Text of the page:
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Nuclear energy

Nuclear binding energy is the energy required to split a nucleus of an atom into its component parts. The component parts are neutrons and protons, which are collectively called nucleons. The binding energy of nuclei is always a positive number, since all nuclei require net energy to separate them into individual protons and neutrons.

Contributors in Nuclear energy

Nuclear energy


Energy; Nuclear energy

Nuclear Regulatory Commission, a U.S. agency chartered to develop and administer rules for regulating commercial nuclear applications (including nuclear power plants, medical and industrial uses).


Energy; Nuclear energy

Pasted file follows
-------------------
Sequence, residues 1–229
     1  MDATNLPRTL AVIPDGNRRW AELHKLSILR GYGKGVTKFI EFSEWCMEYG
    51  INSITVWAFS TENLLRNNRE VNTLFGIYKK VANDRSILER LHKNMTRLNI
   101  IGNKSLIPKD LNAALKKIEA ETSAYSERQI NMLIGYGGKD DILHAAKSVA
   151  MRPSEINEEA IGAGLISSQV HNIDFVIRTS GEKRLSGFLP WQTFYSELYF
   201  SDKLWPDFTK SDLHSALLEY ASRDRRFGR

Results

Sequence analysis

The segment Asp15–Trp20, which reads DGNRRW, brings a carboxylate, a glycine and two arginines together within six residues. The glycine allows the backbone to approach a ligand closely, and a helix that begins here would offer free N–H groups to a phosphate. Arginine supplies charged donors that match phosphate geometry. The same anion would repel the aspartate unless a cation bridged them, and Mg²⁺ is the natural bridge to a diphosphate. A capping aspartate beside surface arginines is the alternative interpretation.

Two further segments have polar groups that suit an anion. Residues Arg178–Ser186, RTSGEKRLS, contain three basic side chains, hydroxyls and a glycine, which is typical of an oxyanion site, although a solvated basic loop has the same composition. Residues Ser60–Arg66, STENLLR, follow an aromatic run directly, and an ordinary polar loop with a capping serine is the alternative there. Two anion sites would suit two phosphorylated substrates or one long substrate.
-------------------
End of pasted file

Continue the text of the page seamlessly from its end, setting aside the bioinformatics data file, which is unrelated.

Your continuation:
A naturally radioactive and very dense element. Mine Uranium contains 0.7 percent of the isotope Uranium-235, needed for fission. Uranium-235 is the principal nuclear fuel material used in today's ...

fuel rod

Energy; Nuclear energy

A long, slender tube that holds the fuel pellets; fuel rods are assembled into bundles called fuel elements or fuel assemblies that are loaded individually into the reactor core.

steam generator

Energy; Nuclear energy

The heat exchanger used in some reactor designs to transfer heat from the primary reactor coolant system to the secondary (steam system).


Energy; Nuclear energy

The splitting of atoms that results in the release of large amounts of energy. Two or three neutrons are usually released during this event. Fission occurs either naturally or when an atom's nucleus ...

fossil fuel

Energy; Nuclear energy

Carbon based fuel resulting from millions of years of biological decay. Coal, oil, and natural gas are the most common examples.

fuel assembly

Energy; Nuclear energy

Assemblies of fuel rods that are placed in the reactor vessel to form the core. Each fuel assembly may contain from approximately 60 to 300 fuel rods.

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